30/11/2017 - 15:45

The banker, the marketer and the watchmaker

30/11/2017 - 15:45

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Perth watch brand Haigh & Hastings has been revived nearly a year after the business was placed in administration, with founder Matt Sears gaining backing from two investors who share his passion.

Bob Jacobs (left) Jason Reaby and Matt Sears with some of the company’s recouped stock. Photo: Attila Csaszar

Perth watch brand Haigh & Hastings has been revived nearly a year after the business was placed in administration, with founder Matt Sears gaining backing from two investors who share his passion.

Mr Sears is looking forward to Haigh & Hastings Mark 2 after closing a deal to buy the company’s brand and assets, including about 2,000 assembled watches.

He has gained backing from James Reaby, who previously ran a watch store at Hillarys Boat Harbour and now runs specialist online store Big Watch World.

The third investor is Perth banker Gene Lilly, who was also a shareholder in Haigh & Hastings Mark 1.

The sale was negotiated by Bob Jacobs of Auxilium Partners, who was appointed administrator in January by the company’s then sole director, Simon Haigh.

Mr Jacobs said he and Mr Haigh had attempted to sell the business as a going concern.

When that did not succeed, the only option was to put the company into liquidation.

Mr Jacobs said the ‘cookie cutter’ option would have been to sell the company’s assets, mostly its stock of parts and assembled watches located in several countries.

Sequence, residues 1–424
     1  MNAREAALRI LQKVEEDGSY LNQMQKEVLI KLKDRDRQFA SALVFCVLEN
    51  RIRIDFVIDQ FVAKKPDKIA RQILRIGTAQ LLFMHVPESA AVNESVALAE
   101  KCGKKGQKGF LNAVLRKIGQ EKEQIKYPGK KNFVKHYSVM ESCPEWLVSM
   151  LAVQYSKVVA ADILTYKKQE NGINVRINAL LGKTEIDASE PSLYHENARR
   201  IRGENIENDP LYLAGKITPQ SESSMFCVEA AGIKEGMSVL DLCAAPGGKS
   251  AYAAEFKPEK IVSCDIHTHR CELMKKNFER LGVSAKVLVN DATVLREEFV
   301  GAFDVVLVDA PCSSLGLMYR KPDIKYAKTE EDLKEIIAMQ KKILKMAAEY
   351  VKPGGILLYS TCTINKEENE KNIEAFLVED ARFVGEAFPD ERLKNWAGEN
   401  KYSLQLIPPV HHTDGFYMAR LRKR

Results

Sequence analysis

Instead he spent his own money transferring the stock to Perth and collating it with the help of Mr Sears and his backers.

“Once they knew what we actually had, it became more attractive for them to invest in it,” Mr Jacobs said.

Mr Sears said he did not have a strong commercial focus, which is why he had partnered with Messrs Reaby and Lilly.

“My focus will be on building the best watches that we can,” he said.

Mr Reaby, who has been selling micro brands like Haigh & Hastings since 2009, said he was pleased to participate in reviving the brand.

“It maintains the brand, its history,” he said.

“It would have been a shame to let that hard work and effort go, because it’s not easy to do.”

The original business was established in August 2013 but was troubled by differences among its shareholders.

It racked up some significant achievements, including being commissioned by the Special Air Service regiment and the RSL to design commemorative watches.

Haigh & Hastings watches retail for between $250 and $800.

STANDING BY BUSINESS. TRUSTED BY BUSINESS.

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